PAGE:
There is no other Big Red for me. He was the reason I fell in love with horse racing because when I was a little girl he was the first racehorse I was introduced to and he was why I became obsessed with Thoroughbreds. I saw Secretariat, Ruffian and Seattle Slew and cheered for Affirmed but none came close to the colt August Belmont bred, the son of Fair Play and Mahubah. And they never have. When someone mentions Big Red I see the colt that carried the Glen Riddle silks at Belmont the day he won the Lawrence Realization stakes by 100 lengths. Clarence Kummer his jockey was told to rate him. The crowd wanted to see him run as fast as he could but Louis Fuestal his trainer and his owner Sam Riddle knew that no horse, not even Man O War could run as fast as he wanted for a mile and 5/8ths. But what Man O War did that day was not remarkable for the overwhelming distance be put between himself and his competition it was how he did it. If you open up the time for the race you will be amazed because of his consistency and ease. He did not shave the world record in that race either. He crashed it by 1 minute 3/5 seconds and the other remarkable thing? He was not pushed by other horses. He crashed that record like he did others on his own for the love of speed alone.

On his way to winning another race, by open day light.
On his way to winning another race, by open day light.

It is easy to look at other horses that came later, who had the luxury of faster tracks and science behind them and say there that is the greatest but long after they are gone we will still be looking to Man O War and saying yes but they were not like him. Why? Because no horse has so captured the human heart so vividly as he did. He stepped out of our imaginations and into reality and owned that reality. For a brief time he showed us what perfection looked like. He was the horse bred by a war hero, named for a war ship who fought battles on the race track and won. He created his legend by his personality and because he changed the men and women around him. He left them awestruck to the point they were frightened by his power. Perhaps someday soon, maybe even now, a mare in Kentucky will give birth to an oversized chestnut colt with a star and uneven stripe on his head who will then take up where his ancestor left off, after all that is what the poet said,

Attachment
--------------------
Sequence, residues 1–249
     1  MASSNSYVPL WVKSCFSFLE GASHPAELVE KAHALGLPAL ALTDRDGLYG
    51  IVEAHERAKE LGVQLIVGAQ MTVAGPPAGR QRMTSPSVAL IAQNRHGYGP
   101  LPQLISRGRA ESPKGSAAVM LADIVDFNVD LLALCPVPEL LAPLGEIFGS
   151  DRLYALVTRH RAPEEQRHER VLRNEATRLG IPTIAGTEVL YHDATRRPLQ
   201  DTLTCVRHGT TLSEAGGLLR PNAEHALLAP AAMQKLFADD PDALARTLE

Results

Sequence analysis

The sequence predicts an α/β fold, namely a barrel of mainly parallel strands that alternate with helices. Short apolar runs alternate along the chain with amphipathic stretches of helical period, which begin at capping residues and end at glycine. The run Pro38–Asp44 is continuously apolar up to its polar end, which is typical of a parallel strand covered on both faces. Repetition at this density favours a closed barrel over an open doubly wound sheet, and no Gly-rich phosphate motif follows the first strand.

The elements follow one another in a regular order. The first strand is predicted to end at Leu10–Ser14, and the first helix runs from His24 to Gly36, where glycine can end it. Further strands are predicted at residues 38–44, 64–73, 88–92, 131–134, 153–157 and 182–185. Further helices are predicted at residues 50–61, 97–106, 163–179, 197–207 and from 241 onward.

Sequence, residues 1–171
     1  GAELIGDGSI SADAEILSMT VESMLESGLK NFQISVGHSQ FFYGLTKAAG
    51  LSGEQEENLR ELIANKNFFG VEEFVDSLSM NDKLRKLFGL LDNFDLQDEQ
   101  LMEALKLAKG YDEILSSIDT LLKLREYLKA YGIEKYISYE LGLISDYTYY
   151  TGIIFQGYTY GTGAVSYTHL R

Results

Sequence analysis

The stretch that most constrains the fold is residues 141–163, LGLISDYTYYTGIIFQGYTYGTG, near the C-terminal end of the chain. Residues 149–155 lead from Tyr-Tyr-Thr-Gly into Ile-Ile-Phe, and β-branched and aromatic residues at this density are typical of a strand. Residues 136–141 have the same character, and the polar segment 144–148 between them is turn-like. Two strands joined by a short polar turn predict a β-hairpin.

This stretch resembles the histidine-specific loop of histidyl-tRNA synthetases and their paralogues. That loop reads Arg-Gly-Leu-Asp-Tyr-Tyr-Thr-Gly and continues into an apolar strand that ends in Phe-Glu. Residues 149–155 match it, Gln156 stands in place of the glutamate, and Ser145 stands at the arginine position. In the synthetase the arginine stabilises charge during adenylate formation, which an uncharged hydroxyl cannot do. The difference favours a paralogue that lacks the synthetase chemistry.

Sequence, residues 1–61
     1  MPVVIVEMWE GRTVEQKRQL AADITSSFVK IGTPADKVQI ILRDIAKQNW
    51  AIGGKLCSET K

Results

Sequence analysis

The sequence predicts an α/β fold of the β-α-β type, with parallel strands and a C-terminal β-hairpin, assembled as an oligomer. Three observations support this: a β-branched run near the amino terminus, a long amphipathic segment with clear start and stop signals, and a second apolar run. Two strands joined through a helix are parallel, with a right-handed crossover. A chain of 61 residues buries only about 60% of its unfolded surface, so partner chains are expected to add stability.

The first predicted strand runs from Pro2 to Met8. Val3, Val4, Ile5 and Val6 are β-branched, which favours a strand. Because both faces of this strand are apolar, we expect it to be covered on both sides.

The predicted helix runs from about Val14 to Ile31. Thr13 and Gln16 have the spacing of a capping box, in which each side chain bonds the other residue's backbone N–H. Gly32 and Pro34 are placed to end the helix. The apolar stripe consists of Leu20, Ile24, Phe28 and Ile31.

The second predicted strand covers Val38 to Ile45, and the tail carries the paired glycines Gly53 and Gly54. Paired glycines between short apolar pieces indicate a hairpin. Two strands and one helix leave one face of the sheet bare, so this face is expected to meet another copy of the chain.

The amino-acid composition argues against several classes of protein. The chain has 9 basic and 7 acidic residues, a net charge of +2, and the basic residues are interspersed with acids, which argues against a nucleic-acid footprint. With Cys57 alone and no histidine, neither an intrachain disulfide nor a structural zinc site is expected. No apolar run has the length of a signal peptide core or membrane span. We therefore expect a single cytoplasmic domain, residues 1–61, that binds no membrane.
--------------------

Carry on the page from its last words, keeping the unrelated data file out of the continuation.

“He’s a chestnut colt,

He’s got a star,

He may be another Man O War.”

As long as we worship the Thoroughbred the dream of another Man O War is still there.

So on this day happy 100th birthday, Man O War. Valhalla reverberates with your hoof beats that still echo at Belmont, Aqueduct, Saratoga and Pimlico. The horse whose fire is seen on our tracks every day to this day. The blood is still there. The horses know it to. All you have to do is look into a Thoroughbreds eyes and you will him, America’s Bucephalus.

At the age of 24...still the rebel
At the age of 24...still the rebel